Kevin Barrett, a scholar of Islam, tells me, further, that the founder of Iran’s 1979 revolution, Ayatollah Khomeini, didn’t reject only the Sunni acceptance of monarchies but also what Khomeini perceived to be the injustice of those Sunni monarchies, where the royal subjects are treated as intrinsically inferior beings. This injustice is, of course, part of monarchies, royalty, and all other forms of aristocracy. Consequently, Khomeini, and the Islamic republic that he created in 1979, raised, to the forefront, in a way that never had been done before, the Shiite threat that had been created against monarchs. This is a threat against the very same regimes that are the U.S. aristocracy’s key allies, and that now buy, more than ever before, the weapons which are made by the U.S. aristocracy’s firms such as General Dynamics and Boeing. The more fear that those monarchs have, the better are the profits of U.S. weapons-manufacturers. So, America’s aristocrats benefit from those Arab aristocrats’ increased fear of Shia. Whereas Israel is afraid of Iran for its being not U.S.-allied and therefore not following U.S. guidance against the Palestinians, America’s Sunni monarchs are afraid of post-1979 Iran for its having been born from a repudiation of monarchy itself. Iran thus is considered “an existential threat” by the rulers in both Israel and Saudi Arabia (and in the other Arab monarchies), and this causes them all to buy lots of U.S.-made weapons.

The Middle-Eastern conflicts are thus very profitable for America’s weapons-firms, because they fuel the biggest foreign market for American-made weaponry. And, of course, America’s oil companies also profit from the U.S. Government’s alliance with fundamentalist Sunnis against Shia.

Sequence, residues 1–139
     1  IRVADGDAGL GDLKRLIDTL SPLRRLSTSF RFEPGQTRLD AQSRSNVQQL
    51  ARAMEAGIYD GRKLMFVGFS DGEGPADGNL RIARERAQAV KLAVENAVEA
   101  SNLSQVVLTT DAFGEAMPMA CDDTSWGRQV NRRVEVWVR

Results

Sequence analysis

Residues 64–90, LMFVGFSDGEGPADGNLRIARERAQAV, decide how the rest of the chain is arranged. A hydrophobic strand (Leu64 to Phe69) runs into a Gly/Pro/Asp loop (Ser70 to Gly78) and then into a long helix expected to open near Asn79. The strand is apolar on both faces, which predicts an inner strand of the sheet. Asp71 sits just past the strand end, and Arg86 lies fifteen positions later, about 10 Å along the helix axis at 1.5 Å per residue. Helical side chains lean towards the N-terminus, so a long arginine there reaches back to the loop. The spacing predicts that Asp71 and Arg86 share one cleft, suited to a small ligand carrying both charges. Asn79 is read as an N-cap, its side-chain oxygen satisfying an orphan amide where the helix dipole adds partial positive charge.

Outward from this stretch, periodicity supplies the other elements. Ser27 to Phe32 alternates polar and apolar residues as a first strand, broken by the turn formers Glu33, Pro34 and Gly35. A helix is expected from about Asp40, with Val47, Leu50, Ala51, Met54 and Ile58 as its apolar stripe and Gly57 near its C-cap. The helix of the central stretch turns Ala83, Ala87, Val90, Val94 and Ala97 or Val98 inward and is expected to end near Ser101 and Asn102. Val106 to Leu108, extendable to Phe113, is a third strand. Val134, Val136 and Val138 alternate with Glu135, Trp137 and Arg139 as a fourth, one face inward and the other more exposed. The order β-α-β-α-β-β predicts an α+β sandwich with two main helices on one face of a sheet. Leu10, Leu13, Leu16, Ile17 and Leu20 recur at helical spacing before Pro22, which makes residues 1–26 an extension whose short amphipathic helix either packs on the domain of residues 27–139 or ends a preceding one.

So: the historical roots of the war in Yemen are deep. The origins go back to the founding of Shia Islam, and of Sunni Islam, in 680, and to the great intensification of that split, in 1979.

Therefore, even the U.S. (which claims to be a democracy) acknowledges that it supports monarchies in the Islamic world. It does so despite the fact that those monarchies (and their subordinate aristocrats including such people as the bin Ladens) are the main financial backers — the people who hire and pay, train and buy the arms for — Islamic terrorists such as Al Qaeda and ISIS, in order to placate their local clergy, who, as fundamentalist Sunnis, don’t consider non-believers (in their particular fundamentalist-Sunni faith) to be “people of God.” The aristocracy and the clergy thus jointly share power in these monarchic countries. (By contrast, in Shia countries, the aristocracy are less strong, because there is no monarch; and, thus, hereditary status — which is the basis of any aristocracy — is lacking in Shia countries.)​

Richard Stanley

Well-Known Member
How does one, then, explain the hereditary Ismailis (Shia), and the related Fatimid dynasty (Shia)? I suppose one can dismiss the Ismailis as being 'real fakirs'. Or 'real' - as in regal 'royals'? The colonial era Brits did proclaim the Ismaili Aga Khans, whether true or not, to be the lineal descendants of Ali, and the Sunni Husseins of Jordan as well, and in contrast, coming from Mohamed, I believe.